Citizen Engagement in Climate Adaptation Surveyed: The Role of Values, Worldviews, Gender and Place

Citation:

Brink, Ebba, and Christine Wamsler. 2019. "Citizen Engagement in Climate Adaptation Surveyed: The Role of Values, Worldviews, Gender and Place." Journal of Cleaner Production 209: 1342-53.

Authors: Ebba Brink, Christine Wamsler

Abstract:

Local governments' limited mandate and capacity to adequately deal with increasing climate risk and impacts means that citizen engagement is becoming increasingly important for adapting to hazards such as floods and storms. Stronger collaborative approaches are urgently needed. At the same time, there is little research and hardly any empirical evidence on what inspires adaptation engagement in different citizen groups. Against this background, this paper examines the external/material (e.g., resources, hazards, public support) and internal aspects (e.g., values and worldviews) that shape people's engagement in and for adaptation. Based on a survey of Swedish citizens at risk from severe climate events, we show that engagement is a gendered process, which is mediated by personal values, worldviews and placedaspects rarely considered in public adaptation. While a high level of diverse citizen action is often related to past experiences of hazards, motivation to adapt goes beyond the idea of acting out of rational self-interest. Economic considerations (e.g., low cost) are not the only motivation to adapt; the potential of an adaptation action to contribute to green, thriving surroundings and mitigate global climate change was found nearly as (and among female respondents, more) motivating. Women were also found to be more motivated to engage in adaptation if this supports other community members at risk. At the same time, past adaptation action could not be linked to motivation to adapt, and was found to be negatively correlated with communitarian and ecological values or worldviews. This confirms that motivation to adapt does not automatically translate into action, and indicates a ‘mitigationeadaptation gap’ in people's climate awareness, which can lead to ineffective climate responses. Given these findings, we discuss alternative approaches to support increased citizen engagement and more effective and transformative climate action. We end with a call for public adaptation and risk communication that takes greater account of inner/subjective dimensions.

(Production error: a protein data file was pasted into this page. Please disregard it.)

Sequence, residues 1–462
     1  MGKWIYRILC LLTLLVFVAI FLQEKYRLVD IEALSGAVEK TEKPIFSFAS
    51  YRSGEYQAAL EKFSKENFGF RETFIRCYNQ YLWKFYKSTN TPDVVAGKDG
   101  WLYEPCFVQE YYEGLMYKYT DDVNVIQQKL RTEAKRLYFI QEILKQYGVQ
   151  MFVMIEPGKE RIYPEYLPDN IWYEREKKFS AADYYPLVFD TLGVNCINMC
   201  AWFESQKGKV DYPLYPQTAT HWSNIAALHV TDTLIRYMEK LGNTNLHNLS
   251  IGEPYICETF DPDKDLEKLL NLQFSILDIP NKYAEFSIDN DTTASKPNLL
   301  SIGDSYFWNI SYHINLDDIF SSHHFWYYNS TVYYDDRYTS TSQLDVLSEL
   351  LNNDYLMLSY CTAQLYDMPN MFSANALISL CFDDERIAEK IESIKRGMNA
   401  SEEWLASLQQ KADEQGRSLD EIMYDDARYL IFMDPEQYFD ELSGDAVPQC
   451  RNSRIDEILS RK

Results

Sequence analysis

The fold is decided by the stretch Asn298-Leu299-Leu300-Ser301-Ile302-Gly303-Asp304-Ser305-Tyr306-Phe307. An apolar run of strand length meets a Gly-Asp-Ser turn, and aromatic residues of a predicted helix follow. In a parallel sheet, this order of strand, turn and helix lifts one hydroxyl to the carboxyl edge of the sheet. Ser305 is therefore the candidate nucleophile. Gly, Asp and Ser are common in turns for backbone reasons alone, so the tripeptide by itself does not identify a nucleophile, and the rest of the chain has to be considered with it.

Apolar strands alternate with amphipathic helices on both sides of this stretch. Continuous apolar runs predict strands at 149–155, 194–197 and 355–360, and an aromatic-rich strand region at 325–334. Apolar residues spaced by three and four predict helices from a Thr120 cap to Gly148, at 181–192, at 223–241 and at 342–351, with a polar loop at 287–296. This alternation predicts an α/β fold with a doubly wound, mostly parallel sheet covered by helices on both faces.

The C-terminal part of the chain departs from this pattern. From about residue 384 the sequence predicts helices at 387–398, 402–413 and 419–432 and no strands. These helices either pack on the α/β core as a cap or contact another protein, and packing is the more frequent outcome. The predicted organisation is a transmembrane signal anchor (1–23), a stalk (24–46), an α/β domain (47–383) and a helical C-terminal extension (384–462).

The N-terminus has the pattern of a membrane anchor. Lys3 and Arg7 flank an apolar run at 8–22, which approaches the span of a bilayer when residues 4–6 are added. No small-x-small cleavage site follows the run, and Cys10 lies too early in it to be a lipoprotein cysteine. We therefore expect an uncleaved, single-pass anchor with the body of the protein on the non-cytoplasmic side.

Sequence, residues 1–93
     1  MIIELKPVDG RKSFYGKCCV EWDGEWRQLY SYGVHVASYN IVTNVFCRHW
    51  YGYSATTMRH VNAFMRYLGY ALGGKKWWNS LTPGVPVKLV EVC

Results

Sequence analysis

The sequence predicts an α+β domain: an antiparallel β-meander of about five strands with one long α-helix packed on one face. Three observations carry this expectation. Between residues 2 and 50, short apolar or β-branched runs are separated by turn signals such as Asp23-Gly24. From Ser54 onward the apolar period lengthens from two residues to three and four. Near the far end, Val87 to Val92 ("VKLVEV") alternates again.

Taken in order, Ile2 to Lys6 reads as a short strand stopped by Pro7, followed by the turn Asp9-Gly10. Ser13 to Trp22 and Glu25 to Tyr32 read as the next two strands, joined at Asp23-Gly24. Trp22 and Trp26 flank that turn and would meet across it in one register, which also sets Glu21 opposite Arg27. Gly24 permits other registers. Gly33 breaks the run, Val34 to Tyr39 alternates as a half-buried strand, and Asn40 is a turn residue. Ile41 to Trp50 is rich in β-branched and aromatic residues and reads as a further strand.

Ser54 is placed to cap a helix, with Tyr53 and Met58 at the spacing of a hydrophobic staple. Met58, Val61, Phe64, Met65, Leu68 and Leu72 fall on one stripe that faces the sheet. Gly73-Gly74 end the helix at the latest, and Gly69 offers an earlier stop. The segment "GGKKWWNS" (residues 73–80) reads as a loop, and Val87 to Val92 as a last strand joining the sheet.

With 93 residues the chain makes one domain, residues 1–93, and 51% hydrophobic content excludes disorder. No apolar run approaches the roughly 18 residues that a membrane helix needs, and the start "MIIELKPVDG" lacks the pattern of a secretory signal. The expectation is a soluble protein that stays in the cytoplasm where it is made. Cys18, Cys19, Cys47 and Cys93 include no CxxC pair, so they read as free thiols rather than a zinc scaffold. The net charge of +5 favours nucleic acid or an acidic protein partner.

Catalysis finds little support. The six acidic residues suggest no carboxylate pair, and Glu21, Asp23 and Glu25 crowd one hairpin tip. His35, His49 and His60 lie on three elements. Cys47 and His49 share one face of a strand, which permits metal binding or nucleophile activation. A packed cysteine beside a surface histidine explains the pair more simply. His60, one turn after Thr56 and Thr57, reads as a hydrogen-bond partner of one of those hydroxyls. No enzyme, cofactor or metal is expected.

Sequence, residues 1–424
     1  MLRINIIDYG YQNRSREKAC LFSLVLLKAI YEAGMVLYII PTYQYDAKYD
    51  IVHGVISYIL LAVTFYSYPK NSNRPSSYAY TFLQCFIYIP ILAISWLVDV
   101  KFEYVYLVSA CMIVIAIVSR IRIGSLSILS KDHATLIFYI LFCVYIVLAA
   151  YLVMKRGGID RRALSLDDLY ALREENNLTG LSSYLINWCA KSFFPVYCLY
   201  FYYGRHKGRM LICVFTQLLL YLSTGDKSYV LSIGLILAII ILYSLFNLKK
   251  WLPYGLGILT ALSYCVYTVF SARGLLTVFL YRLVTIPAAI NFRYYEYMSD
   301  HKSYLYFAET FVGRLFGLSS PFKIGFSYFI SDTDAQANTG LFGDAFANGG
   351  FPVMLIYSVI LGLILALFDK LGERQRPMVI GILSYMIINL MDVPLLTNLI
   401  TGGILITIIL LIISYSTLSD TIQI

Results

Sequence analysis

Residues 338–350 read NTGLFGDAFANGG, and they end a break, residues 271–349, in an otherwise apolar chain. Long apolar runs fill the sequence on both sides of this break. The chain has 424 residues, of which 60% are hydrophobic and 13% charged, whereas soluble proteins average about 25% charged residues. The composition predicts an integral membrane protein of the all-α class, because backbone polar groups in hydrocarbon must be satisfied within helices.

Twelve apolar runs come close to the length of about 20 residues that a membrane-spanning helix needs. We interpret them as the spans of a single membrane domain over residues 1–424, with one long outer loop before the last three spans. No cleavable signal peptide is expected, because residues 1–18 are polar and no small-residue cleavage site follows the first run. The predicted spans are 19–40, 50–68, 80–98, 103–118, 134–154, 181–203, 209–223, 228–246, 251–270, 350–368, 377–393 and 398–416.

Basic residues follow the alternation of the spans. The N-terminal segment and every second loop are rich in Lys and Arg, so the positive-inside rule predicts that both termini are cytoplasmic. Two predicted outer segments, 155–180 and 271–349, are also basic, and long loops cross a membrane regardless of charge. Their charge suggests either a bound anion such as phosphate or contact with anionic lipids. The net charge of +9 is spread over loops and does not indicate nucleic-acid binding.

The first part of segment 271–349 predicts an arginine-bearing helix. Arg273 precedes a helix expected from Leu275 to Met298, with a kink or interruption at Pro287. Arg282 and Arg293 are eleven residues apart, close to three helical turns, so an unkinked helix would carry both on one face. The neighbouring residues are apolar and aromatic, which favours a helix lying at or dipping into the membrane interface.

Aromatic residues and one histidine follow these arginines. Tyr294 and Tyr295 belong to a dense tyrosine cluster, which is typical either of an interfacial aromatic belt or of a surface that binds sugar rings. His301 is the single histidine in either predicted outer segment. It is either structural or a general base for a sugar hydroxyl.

Keywords: climate change adaptation, citizen participation, disaster risk reduction, ecosystem-based adaptation, inner dimensions, willingness to adapt

Topics: Environment, Climate Change, Gender, Women Regions: Europe, Nordic states, Northern Europe Countries: Sweden

Year: 2019

© 2020 CONSORTIUM ON GENDER, SECURITY & HUMAN RIGHTSLEGAL STATEMENT All photographs used on this site, and any materials posted on it, are the property of their respective owners, and are used by permission. Photographs: The images used on the site may not be downloaded, used, or reproduced in any way without the permission of the owner of the image. Materials: Visitors to the site are welcome to peruse the materials posted for their own research or for educational purposes. These materials, whether the property of the Consortium or of another, may only be reproduced with the permission of the owner of the material. This website contains copyrighted materials. The Consortium believes that any use of copyrighted material on this site is both permissive and in accordance with the Fair Use doctrine of 17 U.S.C. § 107. If, however, you believe that your intellectual property rights have been violated, please contact the Consortium at info@genderandsecurity.org.